Essentially the girls (Cassandra and Jane) were sent away to school to create space for paying students. But this article is full of information about the houses that could be Steventon (there are two possibilities), number of students at any time, number of servants (because some of them have to be housed too) and number of family members (remember two of the boys were also sent off to the naval academy).
I have read a lot of Austen biographies and I have never noticed the two different Steventon houses.
I have set my self the task of watching the adaptations in the order Austen wrote the novels :- Northanger Abbey, Sense and Sensibility, Pride and Prejudice, Mansfield Park, Emma and Persuasion. I have several versions of each so this should keep me busy for sometime.
First up this version of Northanger Abbey
Northanger Abbey BBC 1987
This one has Katharine Schlesinger as Catherine Morland and Peter Firth as Henry Tilney. This film is an interesting mix – period costumes and settings, but modern music.
It is quite faithful to the story – except for this character
who is General Tilney’s ‘friend’ – she apparently gives him all of the gossip.
Catherine Morland – looking very fetching
Isabella Thorpe (on the left)
John Thorpe – suitably repulsive
Although this adaptation is a bit dated (and a bit strange at times), it is still worth watching.
Sense and Spontaneity – Esther Longhurst and Jessica Messenger
I saw the last performance of Sense and Spontaneity(I know no good if you then write a review, but now I don’t feel so bad about taking so long to write this review!)
This show was hilarious – the two actors were brilliant (so quick witted). With a series of hats and bonnets they created various different characters – you know a Miss Bates, a Mr Darcy, a Mr Collins, etc. There was much tea drinking and Austen-like dialogue. I would say the plot and action owes more to Austen film adaptations than the novels, but who doesn’t love an Austen adaptation? This was a fast-paced romp, which the actors seemed to enjoy as much as the audience and I would definitely see it again (well a different version as it is improvisation after all).
It is summer holidays here – which means super hot weather and school holidays – so not a lot of time to get anything done.
For me the highlights of last year were Val McDermid’s remake of Northanger Abbey (much more successful than either Emma or Sense and Sensibility) and Austenland – I know other people hated this, but I thought it was fun and didn’t take itself too seriously.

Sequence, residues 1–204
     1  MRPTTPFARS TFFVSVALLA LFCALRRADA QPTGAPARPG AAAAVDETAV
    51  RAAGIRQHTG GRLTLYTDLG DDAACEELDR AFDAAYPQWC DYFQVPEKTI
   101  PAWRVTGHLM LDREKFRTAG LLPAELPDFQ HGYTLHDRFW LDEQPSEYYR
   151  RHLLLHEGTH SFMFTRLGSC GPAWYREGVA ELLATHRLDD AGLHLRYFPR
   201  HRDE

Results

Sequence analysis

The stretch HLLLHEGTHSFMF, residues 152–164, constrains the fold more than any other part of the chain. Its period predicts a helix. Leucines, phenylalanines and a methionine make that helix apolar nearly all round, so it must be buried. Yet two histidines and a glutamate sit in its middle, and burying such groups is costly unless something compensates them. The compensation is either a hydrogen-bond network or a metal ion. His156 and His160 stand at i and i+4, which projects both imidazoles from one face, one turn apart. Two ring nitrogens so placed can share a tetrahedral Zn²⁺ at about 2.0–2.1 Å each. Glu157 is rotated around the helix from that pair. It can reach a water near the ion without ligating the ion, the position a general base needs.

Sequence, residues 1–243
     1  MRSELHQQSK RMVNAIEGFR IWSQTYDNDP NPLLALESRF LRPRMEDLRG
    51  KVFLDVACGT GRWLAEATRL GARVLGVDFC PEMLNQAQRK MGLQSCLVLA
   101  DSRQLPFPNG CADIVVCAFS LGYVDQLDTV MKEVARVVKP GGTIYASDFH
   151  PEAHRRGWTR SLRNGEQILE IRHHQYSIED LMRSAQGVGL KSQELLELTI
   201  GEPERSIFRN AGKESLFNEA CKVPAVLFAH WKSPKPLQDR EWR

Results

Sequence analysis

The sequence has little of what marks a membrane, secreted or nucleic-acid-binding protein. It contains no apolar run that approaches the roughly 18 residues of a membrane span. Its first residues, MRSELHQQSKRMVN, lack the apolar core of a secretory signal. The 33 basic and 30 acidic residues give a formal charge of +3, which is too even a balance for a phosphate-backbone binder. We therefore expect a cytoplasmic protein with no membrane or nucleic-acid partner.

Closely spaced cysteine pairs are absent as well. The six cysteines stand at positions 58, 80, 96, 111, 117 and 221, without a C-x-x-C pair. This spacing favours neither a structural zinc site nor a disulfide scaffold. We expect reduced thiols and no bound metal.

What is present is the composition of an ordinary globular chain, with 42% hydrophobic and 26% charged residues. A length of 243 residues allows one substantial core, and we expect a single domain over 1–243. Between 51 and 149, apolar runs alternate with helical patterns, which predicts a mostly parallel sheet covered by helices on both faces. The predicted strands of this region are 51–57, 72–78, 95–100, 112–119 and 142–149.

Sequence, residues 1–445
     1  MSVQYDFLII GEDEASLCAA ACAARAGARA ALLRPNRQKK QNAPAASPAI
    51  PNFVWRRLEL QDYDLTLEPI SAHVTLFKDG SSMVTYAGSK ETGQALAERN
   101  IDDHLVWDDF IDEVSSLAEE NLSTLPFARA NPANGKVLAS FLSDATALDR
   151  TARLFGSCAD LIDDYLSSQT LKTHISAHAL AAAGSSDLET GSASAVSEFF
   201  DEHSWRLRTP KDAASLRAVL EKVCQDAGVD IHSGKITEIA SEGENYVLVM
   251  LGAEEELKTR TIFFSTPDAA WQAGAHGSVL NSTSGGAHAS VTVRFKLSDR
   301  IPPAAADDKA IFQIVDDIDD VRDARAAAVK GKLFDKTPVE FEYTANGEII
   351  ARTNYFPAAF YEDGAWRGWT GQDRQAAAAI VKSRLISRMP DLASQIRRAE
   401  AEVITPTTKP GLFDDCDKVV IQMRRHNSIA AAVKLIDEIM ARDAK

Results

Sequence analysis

Currently I am reading Deidre Le Faye’s Jane Austen’s Country Life – this is a beautiful book, but I wish there was a map rather than a wordy description of where things are in relation to Steventon. For example,
To the west of the lane running from Steventon to Dean was the village of Ashe …
A map, even a very simple one, would make it all so much simpler.
I didn’t realise how long it was since my last post! This book, as you probably know, came out a while ago and I was strong and didn’t buy it. However, I like craft and I like Jane Austen, so it seemed the perfect book when I needed a bit of cheering up. It is a beautiful book with lovely pictures and illustrations. There is a brief introduction describing the regency era (with quotes from Austen’s novels) and a description of ‘women’s work’. Then it is into the projects: Letter Case, Linen, Workbag, Paper Flowers, Purses, Huswif, Carpet Work, Muff and Tippet, Pin Cushion and Thread Case, etc. There is historical information about each project as well as more beautiful images.
In the Letter Case Section
Ms Forest has found images that suit the project. The above image is included in the section on making a Letter Case.
Although, I can’t imagine ever making a cravat I liked seeing all of the different styles – very helpful for anyone who reads Georgette Heyer novels! You can make your own work bag.
Or a carpet work cushion.
And finally someone knitting – it looks like socks.
I am not sure I will make any of the projects, but it is beautiful and inspiring and I am glad I gave in to temptation.
I came across this site (candicehern.com/regencyworld) while meandering around the web. There are lots of fashion images (like the one above) and more information on the regency period including things like a timeline and famous regency people.
Only 12 posts last year! I must do better next year. I have a few ideas, but, as you know, life can sometimes can in the way.
The big finds for this year were The Lizzie Bennet Diaries and Emma Approved. I came to The Lizzie Bennet Diaries late and watch it all in two long marathon sessions. I’m watching Emma Approved as they are released – and I am finding the January hiatus sad – I liked my biweekly updates.